We all need to take some "me time" once in a while - time when the focus is on what you want to do; what gives you pleasure and feeds your soul. As I'm a single woman with no children, one could argue that most of my life, outside of my job, consists of "me time", and they wouldn't be wrong, but in order to feel inspired and energized, I need to spend time away from the city I live in, surrounded by unfamiliar sights, and immersed in arts and culture. And last weekend, I did just that.
I booked a room at a guest house in Toronto called Victoria's Mansion, which is a short walk to the corner of Yonge and Dundas in the centre of downtown. Built in the 1880's, the house is located on a quiet residential street and rooms have their own bathroom, air conditioner (which was important as the temperatures hovered around 35 degrees celsius when I was there), fridge, microwave, coffeemaker, wifi, and TV.
my little hideaway
Personally, I loved my little nook on the third floor (there are no elevators, so if you have a lot of luggage that may be an issue). The rooms are all different, and I noticed that some guests commented on travel sites that their bed was uncomfortable. I didn't have that problem, but then, it depends on your expectations. I have stayed in rooms in people's apartments in New York, so I can be satisfied with accommodations that are less than luxurious.
I loved the tile in the shower, but if I had been drinking the night before, I may not have felt the same way about it if I had to face it while hungover in the morning. The angled ceiling could be dangerous for someone who was taller than I am (5' 8").
window art installation on Church Street
Victoria's Mansion is in the area of Church and Wellesley, which is the heart of Toronto's gay village so there were lots of restaurants and bars close by, and rainbow flags were everywhere.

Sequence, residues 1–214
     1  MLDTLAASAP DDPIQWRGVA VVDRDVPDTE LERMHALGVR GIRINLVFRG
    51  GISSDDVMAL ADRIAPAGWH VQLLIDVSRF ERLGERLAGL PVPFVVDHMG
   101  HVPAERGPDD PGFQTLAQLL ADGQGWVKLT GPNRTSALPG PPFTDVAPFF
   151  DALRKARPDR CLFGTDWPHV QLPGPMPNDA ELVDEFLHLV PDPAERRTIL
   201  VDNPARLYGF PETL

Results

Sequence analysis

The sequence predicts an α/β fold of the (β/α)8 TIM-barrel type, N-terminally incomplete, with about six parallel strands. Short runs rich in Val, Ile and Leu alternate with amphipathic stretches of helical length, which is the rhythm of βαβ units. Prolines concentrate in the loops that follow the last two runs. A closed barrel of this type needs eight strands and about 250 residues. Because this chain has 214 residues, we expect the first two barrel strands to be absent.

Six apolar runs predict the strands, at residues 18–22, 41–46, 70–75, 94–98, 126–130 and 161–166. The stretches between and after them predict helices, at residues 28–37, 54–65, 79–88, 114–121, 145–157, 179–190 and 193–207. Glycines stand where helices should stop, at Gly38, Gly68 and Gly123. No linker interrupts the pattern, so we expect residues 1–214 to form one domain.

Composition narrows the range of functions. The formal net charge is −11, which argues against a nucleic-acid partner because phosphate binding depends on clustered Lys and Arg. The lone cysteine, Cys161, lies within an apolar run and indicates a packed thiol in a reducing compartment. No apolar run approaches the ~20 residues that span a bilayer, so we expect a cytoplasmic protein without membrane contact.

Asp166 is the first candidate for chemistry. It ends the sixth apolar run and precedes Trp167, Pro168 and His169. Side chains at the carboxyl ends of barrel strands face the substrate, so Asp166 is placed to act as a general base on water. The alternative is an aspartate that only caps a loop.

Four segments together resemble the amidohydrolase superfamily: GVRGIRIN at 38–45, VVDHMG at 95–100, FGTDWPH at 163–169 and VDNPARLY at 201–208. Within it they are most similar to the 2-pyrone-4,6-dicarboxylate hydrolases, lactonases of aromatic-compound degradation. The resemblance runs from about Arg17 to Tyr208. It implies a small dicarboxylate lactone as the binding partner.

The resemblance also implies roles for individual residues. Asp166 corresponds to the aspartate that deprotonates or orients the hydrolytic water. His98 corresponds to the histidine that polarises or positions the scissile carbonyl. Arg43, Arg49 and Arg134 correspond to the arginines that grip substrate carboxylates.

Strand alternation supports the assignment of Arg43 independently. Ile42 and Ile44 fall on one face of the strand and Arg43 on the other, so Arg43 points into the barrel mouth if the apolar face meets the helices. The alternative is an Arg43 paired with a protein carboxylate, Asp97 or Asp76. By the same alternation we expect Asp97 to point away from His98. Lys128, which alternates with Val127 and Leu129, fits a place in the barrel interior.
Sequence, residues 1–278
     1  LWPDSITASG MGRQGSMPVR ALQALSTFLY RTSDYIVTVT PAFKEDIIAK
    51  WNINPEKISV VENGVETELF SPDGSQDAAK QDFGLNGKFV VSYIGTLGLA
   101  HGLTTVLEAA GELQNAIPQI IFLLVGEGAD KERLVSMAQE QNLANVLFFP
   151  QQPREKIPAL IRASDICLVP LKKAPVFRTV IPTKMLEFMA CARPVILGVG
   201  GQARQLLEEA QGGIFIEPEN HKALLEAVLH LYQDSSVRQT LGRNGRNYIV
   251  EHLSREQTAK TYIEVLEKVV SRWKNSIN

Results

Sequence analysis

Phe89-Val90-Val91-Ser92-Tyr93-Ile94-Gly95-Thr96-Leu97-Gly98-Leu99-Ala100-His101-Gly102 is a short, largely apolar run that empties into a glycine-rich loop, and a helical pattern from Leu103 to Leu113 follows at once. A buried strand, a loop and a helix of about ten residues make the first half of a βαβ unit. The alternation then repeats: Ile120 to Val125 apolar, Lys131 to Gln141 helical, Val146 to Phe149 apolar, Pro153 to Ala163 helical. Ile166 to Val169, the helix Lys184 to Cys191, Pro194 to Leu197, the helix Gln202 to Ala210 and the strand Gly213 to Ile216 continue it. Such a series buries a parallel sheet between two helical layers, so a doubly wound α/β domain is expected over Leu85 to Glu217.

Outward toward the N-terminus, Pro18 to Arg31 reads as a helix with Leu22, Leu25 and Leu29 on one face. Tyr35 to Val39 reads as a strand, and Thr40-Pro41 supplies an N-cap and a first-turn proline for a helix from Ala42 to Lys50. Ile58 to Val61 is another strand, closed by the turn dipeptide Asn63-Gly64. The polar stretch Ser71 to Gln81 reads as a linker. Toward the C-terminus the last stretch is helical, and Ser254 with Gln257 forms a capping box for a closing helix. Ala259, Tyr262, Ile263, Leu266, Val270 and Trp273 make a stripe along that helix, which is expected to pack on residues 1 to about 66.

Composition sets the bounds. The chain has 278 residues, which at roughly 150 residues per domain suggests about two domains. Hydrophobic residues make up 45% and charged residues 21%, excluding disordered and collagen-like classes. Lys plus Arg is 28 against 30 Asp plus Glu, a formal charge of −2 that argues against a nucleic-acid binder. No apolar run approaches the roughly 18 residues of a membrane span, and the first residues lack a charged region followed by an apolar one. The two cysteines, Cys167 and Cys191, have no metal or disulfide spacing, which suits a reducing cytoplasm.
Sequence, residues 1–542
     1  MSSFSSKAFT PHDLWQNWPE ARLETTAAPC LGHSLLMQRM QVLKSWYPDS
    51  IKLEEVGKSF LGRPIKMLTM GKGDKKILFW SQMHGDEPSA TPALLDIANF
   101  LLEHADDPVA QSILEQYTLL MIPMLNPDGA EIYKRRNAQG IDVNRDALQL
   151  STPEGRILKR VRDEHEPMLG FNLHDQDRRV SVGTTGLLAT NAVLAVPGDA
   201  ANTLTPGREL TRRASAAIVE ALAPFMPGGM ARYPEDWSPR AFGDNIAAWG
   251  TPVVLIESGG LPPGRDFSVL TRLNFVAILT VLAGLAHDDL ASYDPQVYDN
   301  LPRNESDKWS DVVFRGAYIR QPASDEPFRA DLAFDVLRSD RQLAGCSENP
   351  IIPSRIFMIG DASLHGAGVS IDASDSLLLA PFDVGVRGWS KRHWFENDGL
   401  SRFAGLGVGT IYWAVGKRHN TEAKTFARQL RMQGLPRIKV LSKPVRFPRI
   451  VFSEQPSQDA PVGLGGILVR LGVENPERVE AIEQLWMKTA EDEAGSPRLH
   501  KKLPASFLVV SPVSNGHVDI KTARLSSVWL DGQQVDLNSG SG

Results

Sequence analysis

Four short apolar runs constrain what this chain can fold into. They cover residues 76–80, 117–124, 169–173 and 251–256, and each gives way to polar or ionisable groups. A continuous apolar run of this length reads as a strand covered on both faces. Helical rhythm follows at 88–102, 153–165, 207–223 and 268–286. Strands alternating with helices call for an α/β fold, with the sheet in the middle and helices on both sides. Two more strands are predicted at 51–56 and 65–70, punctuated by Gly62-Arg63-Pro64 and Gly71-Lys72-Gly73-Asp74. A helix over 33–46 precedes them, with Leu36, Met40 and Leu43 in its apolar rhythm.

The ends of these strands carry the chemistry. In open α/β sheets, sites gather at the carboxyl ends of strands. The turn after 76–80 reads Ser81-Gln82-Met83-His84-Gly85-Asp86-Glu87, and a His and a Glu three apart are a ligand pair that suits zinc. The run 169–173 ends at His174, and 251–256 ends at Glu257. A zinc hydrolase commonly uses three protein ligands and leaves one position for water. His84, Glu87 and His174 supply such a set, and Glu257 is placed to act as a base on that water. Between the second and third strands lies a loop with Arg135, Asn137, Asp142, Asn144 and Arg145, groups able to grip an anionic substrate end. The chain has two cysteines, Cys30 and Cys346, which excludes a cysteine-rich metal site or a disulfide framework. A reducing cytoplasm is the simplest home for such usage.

a happy pup on the streetcar
So, what did I do on my little adventure?
Every year I purchased tickets to at least one event during the Luminato Festival in Toronto, which is an annual arts festival featuring music, dance, theatre, film, talks and more. There are always more things I want to see than I can get to, and often the performances/performers are unknown to me, so I randomly pick things that sound interesting. This year I had a ticket for a performance entitled The Fever, by an experimental theatre company from New York called 600 Highwaymen, which incorporated the audience into a collaborative experience. I enjoyed it, it pushed me out of my comfort zone, and left me feeling connected to the other audience members surrounding me.
Cool art and cyclists just off Queen Street West
After a post performance cocktail and salad on the patio at the Drake Hotel, I headed to the Elgin Theatre for my second event of the day - a performance by the Malpaso Dance Company from Cuba.
The Elgin is a beautiful space dripping with gilt and red velvet
The Elgin Theatre is half of a pair of stacked theatres built in 1913 in Toronto. The Elgin is the lower level theatre while the Winter Garden Theatre is located 7 floors above. They are the last surviving Edwardian stacked theatres in the world.
The grand staircase leading to the Winter Garden Theatre
I wanted to wear something a bit fancy since it was a special occasion but as I had to wear it all day, it had to be comfortable for walking around in the heat. I had purchased this dress at Cora Couture in Stratford several months ago and had yet to find the right occasion for its debut. It's made of a thin, shiny, almost parachute-type nylon with an attached ruffle that can be unzipped. It was comfortable and survived the bus trip to Toronto without turning into a wrinkled mess.
The Malpaso Dance Company, established in 2012, had performed to a sold-out audience at Luminato in 2015. The company is committed to working with international choreographers and the evening's performance began with a work titled "Dreaming of Lions", choreographed by Osnel Delgado and set to music that was performed live by Arturo O'Farrill and the Afro Latin Jazz Orchestra. The piece is based on Ernest Hemingway's "Old Man and the Sea" and if you are a fan of contemporary dance, you can watch the piece on YouTube via the link above. The 11 dancers in the company alternate between strong and sensuous, fierce and fluid, and precise and passionate and it was a thrilling evening of exceptional dance.
Sunday was Father's Day, and crowds of Dads and their families gathered to gawk at the expensive automobiles on display at the Yorkville Exotic Car Show.
On Sunday I had a ticket to see two new exhibits at the Royal Ontario Museum, Iris Van Herpen: Transforming Fashion and Philip Beesley: Transforming Space